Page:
There is only one thing to say about the riding position: ultra comfortable. However, it is still worthwhile pushing the saddle forward so as not to pedal with too much of your weight over the rear. The suspension is very sensitive, but it tends to suffer from pedal bob. Reaching for the climb switch on the shock is basically mandatory on the climbs. Once you’ve done so, the Stumpjumper will happily get you up long, steep climbs. Surprisingly, we hardly noticed the bike’s weight when going uphill. On the contrary, the Stumpy is made for long rides.

Tuning tip: more powerful brakes | Vvolume spacer in the shock

It’s a phenomenon: you’ll immediately feel at home aboard a Specialized. This is generally due to moderate geometry and the Stumpy is no exception. Going by the numbers, it’s very conservative, almost old-fashioned. But you don’t notice that on the trail, where the Specialized’s agility and pop will have you grinning from ear to ear. The suspension easily absorbs small and fast consecutive hits. However, it lacks the capability to deal with harsh landings, where it will bottom out. Aggressive riders are advised to increase the progression with the help of volume spacers in the shock. With the Stumpy as your weapon of choice, you can easily take on long and rough alpine descents, or even sign up for the occasional enduro race, as long as you upgrade the brakes first. However, due to its short reach, it isn’t the most composed bike in the test field either.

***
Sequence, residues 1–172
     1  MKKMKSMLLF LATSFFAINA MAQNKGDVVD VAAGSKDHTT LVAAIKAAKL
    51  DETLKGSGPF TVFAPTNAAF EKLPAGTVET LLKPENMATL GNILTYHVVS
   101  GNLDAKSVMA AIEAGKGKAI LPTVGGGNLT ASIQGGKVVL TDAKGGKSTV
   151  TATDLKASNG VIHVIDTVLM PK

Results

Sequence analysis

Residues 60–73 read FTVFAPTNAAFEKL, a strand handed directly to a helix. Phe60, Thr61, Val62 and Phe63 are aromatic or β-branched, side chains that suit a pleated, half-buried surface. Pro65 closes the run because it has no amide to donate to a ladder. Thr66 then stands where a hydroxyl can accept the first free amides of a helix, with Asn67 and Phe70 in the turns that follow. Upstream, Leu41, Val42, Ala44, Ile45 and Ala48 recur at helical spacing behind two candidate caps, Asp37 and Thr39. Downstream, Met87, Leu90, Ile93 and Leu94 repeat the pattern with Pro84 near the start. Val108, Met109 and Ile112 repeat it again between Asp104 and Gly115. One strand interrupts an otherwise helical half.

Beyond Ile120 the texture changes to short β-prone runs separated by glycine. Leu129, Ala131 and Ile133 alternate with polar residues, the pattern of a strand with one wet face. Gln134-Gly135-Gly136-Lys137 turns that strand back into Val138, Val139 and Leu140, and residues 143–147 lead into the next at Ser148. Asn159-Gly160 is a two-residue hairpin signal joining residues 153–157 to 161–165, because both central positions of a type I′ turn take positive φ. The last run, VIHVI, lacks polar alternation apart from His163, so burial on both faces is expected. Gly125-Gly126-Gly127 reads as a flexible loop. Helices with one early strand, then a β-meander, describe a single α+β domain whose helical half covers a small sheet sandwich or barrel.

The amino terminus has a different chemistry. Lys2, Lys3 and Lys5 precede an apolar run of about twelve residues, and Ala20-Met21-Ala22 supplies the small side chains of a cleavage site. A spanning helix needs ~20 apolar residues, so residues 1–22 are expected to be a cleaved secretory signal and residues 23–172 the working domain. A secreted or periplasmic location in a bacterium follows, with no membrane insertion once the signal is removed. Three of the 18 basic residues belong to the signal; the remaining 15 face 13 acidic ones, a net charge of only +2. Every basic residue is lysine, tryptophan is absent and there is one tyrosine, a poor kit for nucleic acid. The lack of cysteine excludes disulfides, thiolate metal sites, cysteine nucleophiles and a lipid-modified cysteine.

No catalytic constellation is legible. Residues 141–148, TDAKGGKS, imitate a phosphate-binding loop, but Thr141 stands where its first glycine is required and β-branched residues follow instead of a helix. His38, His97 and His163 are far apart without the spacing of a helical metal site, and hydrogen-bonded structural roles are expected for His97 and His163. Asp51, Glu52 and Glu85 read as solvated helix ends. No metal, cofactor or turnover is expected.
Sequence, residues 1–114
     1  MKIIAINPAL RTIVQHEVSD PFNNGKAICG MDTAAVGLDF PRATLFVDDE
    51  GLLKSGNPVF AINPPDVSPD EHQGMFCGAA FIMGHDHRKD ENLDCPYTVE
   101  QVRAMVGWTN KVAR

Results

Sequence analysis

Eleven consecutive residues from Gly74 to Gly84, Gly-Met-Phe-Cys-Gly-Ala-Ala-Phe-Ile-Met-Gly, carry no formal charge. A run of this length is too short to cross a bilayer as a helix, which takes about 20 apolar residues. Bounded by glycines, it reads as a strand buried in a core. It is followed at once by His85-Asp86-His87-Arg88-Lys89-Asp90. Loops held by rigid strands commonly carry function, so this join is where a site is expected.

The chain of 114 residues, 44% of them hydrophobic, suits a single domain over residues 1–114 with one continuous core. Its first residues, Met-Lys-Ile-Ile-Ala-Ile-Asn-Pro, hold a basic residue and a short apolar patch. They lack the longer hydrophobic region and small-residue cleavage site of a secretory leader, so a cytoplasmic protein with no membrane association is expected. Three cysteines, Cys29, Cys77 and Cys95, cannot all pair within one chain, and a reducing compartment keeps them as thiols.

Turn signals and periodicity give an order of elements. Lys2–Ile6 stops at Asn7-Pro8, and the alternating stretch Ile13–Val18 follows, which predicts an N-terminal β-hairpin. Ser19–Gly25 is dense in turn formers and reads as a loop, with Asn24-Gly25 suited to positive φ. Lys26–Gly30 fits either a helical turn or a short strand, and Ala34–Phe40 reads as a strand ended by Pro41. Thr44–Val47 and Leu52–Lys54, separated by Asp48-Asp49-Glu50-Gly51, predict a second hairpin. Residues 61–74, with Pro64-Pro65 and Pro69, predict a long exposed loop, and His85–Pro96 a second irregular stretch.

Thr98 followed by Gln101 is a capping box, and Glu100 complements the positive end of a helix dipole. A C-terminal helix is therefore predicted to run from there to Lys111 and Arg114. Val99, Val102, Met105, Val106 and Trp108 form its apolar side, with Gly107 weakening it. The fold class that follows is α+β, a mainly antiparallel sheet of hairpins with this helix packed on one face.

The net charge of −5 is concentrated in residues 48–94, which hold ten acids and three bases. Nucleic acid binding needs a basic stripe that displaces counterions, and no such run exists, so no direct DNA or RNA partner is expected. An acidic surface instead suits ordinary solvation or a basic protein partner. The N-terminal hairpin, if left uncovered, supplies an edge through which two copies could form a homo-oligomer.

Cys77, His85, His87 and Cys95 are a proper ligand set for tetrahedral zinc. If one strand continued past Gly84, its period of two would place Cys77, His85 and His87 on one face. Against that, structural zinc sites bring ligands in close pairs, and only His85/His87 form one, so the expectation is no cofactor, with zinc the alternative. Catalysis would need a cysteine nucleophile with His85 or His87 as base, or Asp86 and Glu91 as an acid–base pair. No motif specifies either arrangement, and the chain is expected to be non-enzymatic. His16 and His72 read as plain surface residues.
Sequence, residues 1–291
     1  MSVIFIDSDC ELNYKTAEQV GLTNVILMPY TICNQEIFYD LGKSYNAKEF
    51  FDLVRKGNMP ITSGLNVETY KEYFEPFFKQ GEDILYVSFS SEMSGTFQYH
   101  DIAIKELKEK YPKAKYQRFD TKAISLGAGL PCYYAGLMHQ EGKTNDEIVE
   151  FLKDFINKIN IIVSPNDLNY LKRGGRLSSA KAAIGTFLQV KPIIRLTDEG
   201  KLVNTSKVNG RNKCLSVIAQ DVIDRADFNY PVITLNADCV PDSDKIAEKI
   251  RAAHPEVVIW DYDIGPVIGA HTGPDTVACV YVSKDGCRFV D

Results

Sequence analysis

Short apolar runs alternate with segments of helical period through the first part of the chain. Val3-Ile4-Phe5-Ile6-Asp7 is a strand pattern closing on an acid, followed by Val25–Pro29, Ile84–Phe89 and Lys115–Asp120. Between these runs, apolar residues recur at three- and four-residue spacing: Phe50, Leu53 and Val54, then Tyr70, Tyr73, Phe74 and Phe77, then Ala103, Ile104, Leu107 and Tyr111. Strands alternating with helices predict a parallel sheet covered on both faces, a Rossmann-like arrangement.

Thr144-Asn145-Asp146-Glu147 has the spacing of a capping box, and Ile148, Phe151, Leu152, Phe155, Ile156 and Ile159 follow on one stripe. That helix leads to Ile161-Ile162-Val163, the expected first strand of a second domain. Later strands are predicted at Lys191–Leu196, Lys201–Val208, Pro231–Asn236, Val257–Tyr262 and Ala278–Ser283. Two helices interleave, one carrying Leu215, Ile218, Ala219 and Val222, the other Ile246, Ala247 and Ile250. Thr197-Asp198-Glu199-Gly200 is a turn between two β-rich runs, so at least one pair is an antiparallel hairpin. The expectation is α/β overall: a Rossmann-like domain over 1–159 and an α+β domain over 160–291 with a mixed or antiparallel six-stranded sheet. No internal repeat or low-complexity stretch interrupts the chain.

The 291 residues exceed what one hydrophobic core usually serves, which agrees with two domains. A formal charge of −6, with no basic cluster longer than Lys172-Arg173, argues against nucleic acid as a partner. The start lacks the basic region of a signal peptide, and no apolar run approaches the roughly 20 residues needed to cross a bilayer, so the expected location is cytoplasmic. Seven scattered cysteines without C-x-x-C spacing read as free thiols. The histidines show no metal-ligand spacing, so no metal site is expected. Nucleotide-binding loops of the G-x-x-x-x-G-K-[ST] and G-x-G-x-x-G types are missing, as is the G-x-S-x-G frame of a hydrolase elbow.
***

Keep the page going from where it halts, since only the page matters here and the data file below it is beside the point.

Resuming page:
Less is more! Specialized proves that a bike can be very good even without extreme geometry.

Conclusion